Russia registers virus vaccine, Putin's daughter given it
Russia on Tuesday became the first country to officially register a coronavirus vaccine and declare it ready for use, despite international skepticism. President Vladimir Putin said that one of his daughters has already been inoculated.
Putin emphasized that the vaccine underwent the necessary tests and has proven efficient, offering a lasting immunity from the coronavirus. However, scientists at home and abroad have been sounding the alarm that the rush to start using the vaccine before Phase 3 trials—which normally last for months and involve thousands of people—could backfire.
Speaking at a government meeting Tuesday, Putin emphasized that the vaccine has undergone proper testing and proven safe to use.
"I would like to repeat that it has passed all the necessary tests," he said. "The most important thing is to ensure full safety of using the vaccine and its efficiency."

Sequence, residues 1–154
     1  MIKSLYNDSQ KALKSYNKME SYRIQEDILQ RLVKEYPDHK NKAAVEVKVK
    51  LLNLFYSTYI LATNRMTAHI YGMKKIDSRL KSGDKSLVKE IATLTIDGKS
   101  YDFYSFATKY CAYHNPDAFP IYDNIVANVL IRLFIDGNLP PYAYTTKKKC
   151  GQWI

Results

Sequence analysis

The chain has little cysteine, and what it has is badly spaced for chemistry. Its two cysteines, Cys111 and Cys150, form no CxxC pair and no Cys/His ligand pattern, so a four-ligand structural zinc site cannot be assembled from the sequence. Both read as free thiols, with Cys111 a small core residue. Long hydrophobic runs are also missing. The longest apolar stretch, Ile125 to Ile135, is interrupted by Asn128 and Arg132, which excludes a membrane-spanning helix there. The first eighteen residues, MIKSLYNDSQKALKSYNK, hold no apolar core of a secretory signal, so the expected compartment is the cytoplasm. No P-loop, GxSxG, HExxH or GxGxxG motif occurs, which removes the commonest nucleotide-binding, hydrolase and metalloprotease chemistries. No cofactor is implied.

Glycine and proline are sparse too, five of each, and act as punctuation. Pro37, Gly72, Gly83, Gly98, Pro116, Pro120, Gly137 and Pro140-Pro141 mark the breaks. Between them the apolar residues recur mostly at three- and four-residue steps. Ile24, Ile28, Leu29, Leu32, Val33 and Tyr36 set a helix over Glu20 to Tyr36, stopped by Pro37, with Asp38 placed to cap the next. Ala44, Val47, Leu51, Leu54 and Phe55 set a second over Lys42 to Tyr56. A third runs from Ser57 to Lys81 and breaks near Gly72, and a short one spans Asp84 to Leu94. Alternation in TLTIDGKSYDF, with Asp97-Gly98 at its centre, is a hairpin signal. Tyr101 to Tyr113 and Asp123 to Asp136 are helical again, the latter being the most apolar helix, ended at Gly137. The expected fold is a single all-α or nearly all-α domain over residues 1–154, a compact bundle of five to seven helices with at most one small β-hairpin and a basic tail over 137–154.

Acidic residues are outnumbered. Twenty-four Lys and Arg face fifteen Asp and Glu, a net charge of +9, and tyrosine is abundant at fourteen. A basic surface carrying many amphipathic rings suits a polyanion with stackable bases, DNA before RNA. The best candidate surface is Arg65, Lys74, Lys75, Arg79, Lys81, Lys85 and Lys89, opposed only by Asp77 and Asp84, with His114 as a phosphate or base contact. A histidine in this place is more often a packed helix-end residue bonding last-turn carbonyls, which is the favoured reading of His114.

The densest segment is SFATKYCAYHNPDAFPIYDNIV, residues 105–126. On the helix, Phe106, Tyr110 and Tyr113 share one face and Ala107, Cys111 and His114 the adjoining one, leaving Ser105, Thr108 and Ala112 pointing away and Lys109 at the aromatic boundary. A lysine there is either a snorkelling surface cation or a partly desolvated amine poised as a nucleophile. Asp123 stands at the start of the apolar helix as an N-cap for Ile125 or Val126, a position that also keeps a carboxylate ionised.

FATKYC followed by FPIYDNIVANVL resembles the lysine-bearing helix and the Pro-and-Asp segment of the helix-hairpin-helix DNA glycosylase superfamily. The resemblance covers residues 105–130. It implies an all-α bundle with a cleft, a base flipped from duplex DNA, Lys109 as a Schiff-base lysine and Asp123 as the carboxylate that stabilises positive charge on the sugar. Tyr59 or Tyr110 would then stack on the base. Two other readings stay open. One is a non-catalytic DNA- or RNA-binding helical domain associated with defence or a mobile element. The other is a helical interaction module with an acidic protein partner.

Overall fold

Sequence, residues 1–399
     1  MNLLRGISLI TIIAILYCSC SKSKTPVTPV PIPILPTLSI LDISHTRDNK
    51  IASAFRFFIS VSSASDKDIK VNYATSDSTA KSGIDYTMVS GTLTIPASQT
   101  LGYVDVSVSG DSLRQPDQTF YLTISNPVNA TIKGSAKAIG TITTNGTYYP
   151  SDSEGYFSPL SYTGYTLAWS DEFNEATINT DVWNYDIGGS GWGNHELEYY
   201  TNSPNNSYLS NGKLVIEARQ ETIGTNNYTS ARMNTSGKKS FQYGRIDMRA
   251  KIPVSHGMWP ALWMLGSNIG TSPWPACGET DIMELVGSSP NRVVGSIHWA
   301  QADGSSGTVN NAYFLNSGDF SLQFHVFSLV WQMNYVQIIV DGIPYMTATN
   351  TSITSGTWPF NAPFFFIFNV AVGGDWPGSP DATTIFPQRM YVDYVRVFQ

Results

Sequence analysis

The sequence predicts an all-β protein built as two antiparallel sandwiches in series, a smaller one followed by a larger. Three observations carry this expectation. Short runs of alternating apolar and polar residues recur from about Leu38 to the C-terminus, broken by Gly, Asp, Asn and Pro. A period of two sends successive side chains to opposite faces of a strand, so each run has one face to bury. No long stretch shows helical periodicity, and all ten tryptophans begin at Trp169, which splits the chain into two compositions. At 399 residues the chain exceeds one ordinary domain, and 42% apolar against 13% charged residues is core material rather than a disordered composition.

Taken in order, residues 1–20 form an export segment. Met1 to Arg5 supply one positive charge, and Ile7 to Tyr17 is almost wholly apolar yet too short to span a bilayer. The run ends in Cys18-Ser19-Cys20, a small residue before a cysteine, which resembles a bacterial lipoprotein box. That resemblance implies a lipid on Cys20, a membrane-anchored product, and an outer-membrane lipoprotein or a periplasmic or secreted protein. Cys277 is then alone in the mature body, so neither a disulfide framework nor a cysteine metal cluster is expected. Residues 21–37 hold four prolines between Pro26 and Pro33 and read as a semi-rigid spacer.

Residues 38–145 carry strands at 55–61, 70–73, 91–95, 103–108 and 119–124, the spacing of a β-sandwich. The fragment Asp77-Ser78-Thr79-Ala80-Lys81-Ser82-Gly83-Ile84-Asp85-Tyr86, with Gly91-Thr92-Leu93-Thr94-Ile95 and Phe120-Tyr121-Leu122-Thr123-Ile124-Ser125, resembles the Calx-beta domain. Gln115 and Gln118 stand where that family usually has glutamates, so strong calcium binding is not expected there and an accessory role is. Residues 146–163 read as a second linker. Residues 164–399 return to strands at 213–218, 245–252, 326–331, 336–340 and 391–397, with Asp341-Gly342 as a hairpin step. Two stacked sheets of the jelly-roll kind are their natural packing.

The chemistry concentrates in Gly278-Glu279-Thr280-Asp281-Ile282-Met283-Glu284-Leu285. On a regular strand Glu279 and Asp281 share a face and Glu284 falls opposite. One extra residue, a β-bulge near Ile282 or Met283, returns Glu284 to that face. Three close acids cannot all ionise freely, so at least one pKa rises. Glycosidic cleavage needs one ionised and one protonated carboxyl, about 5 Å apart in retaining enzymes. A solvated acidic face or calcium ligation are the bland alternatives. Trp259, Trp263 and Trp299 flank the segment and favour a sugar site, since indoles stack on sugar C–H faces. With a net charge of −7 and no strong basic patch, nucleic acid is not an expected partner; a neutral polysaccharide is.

The Russian leader added that one of his two daughters has received two shots of the vaccine and is feeling well. "She has taken part in the experiment," Putin said.
Putin said that his daughter had a temperature of 38 degrees Celsius (100.4 Fahrenheit) on the day of the first vaccine injection, and then it dropped to just over 37 degrees (98.6 Fahrenheit) on the following day. After the second shot she again had a slight increase in temperature, but then it was all over.
"She's feeling well and has high number of antibodies," Putin added. He didn't specify which of his two daughters—Maria or Katerina—received the vaccine.
Russian authorities have said that medical workers, teachers and other risk groups will be the first to be inoculated.
Putin emphasized that the vaccination will be voluntary.
Russian officials have said that large-scale production of the vaccine will start in September, and mass vaccination may begin as early as October.
© 2020 The Associated Press. All rights reserved. This material may not be published, broadcast, rewritten or redistributed without permission.